To anyone even slightly familiar with the work and commentary of Peterson, this is a bizarre sentence and immediately sets off alarm bells. It conjures imagery of a misogynistic Peterson fantasizing about men punching women in the face in order to emerge with some sliver of respect for them. Furthermore, it implies that Peterson is prone to view women as “crazy,” and preoccupied with cooking up means of maintaining a patriarchal stranglehold on their autonomy (as articulated in all its foolish glory here). This would all be so laughable if it wasn’t the default type of characterization—in the New York Times especially—that has emerged from countless hit pieces on Peterson in recent months.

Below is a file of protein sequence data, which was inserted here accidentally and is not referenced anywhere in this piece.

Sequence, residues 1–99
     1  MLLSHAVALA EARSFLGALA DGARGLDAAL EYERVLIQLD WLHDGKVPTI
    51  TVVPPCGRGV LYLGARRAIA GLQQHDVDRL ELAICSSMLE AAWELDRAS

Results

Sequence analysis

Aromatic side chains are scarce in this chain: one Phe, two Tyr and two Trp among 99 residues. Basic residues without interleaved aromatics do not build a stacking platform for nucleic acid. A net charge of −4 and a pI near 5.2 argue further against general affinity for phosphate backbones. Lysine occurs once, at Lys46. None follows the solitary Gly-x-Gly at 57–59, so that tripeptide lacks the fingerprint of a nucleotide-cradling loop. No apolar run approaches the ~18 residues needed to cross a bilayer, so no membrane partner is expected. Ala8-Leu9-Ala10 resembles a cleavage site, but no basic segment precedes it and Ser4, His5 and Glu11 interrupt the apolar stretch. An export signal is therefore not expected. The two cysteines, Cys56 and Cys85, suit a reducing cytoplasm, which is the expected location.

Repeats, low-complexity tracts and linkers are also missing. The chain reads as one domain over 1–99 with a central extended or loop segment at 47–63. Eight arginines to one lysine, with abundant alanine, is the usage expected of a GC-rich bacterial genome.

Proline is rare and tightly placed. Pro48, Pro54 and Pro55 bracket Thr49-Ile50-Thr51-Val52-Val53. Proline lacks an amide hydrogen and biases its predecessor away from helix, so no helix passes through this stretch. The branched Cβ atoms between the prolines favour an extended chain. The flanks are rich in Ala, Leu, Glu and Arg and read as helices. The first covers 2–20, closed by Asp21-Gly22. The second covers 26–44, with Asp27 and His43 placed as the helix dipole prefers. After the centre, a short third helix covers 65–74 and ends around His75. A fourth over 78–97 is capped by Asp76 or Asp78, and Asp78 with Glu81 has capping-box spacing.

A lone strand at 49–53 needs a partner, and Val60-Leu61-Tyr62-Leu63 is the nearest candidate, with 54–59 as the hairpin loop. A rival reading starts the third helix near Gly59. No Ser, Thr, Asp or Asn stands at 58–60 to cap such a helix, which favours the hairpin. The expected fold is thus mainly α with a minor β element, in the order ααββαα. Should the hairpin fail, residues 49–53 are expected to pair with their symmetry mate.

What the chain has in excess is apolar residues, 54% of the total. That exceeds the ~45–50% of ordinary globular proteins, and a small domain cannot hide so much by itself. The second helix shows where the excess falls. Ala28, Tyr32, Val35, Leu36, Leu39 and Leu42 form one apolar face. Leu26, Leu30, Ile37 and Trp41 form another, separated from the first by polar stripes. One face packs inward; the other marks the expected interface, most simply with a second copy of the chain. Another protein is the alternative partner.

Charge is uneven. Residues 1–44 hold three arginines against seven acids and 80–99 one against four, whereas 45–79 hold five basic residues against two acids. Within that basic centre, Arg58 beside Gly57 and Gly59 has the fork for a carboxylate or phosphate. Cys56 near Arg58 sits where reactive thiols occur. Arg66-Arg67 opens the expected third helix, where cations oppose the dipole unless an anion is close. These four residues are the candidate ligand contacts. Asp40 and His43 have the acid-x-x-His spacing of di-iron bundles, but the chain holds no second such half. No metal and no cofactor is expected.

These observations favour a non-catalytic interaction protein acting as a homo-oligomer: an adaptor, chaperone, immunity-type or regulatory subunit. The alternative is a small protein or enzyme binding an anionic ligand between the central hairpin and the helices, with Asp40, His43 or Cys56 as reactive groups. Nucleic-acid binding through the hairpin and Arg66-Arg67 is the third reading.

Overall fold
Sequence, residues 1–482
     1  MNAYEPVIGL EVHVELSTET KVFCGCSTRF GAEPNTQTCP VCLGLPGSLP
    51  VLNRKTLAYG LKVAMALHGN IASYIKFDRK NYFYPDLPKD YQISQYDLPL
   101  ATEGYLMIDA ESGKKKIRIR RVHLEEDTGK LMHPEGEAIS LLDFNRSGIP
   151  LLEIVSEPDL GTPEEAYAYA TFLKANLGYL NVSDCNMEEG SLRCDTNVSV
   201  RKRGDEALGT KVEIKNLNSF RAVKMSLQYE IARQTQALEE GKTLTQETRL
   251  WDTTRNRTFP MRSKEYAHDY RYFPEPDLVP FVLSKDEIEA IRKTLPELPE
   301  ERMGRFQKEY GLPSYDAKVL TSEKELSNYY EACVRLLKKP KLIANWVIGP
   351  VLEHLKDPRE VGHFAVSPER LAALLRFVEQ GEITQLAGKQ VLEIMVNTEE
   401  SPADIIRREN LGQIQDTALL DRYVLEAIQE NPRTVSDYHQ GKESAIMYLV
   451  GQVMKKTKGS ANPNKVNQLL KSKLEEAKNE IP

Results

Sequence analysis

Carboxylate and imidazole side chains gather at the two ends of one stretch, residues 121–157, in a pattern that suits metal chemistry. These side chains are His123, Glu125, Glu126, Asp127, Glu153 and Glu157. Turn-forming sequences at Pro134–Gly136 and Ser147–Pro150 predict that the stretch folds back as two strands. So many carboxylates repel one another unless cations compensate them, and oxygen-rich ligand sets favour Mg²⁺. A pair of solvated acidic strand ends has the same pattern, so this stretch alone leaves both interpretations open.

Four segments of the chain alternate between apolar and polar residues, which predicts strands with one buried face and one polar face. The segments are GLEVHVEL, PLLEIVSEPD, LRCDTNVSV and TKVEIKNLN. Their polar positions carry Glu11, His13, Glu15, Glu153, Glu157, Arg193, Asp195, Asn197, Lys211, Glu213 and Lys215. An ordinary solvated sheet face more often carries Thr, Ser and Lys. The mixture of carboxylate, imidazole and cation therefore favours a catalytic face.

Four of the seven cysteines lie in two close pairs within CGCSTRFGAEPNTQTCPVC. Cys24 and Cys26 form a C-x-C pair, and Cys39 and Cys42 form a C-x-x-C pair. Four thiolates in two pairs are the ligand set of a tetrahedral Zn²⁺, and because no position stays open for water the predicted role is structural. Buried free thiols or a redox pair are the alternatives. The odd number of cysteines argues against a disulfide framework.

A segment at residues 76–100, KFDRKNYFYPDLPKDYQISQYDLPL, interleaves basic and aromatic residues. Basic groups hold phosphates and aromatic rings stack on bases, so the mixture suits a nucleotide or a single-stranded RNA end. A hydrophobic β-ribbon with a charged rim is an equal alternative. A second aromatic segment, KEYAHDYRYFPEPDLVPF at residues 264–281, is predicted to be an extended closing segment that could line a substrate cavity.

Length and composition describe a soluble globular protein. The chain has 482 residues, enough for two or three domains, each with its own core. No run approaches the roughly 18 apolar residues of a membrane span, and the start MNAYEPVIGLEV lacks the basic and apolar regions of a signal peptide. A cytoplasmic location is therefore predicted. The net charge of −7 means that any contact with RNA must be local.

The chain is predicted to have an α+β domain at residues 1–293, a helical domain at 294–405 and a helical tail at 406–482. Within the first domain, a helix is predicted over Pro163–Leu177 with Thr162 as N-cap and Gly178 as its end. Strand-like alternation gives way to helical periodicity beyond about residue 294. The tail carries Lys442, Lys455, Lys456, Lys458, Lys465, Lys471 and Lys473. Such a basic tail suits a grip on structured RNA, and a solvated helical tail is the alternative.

So then, if Van Norden’s narrative is misleading, what is it that Peterson was actually saying? For those that are interested, the full interview from which Van Norden conveniently plucked the quotes in question is available here. After watching it, the only apparently sinful behavior that Peterson appears to be guilty of is the taboo examination of the societal foundations upon which the interaction of the male and female sexes is predicated. He is simply interrogating the extreme fringes of the behavioral landscape; how should society seek to address those who are belligerently engaged in socially unacceptable actions? Specifically—and this is of course what got him in trouble—Peterson wonders how men and women should deal with such behavior when it spills over in aggression towards members of the opposite sex. He cites the timeless intra-male method of curbing such shenanigans—namely, bare fists—but is attempting to work towards a nuanced inter-sex solution as well. Simply put, the scenario he is describing is the classic quandary every schoolboy has inevitably come upon at some point in their life. They are faced with a female nemesis who is aggressively engaging in either speech or behavior that would have earned her a swift kick to the nuts were she a boy. Without resorting to underhanded or disrespectful measures, what is a boy to do in this case? What are his honorable forms of recourse to address the problem? In particular, what is to be done if the usual structures—higher authorities and traditional social norms—break down and allow an unchecked string of offenses? This difficulty is certainly not one which loses its potency as age progresses either—the rules of the game simply evolve. When it is transplanted into the world of adults it still maintains its core operative features, but is also couched in much more complex societal mechanisms for behavioral regulation. With all this said it is certainly possible that Peterson is mistaken in his assessments of or solutions to these issues. Nonetheless, he is simply engaging in discourse aimed at addressing what he rightly sees as an important conversation that needs to be ongoing between the sexes. Of course, resorting to a misogynistic labeling of him and his ideas is easier than diving into these questions.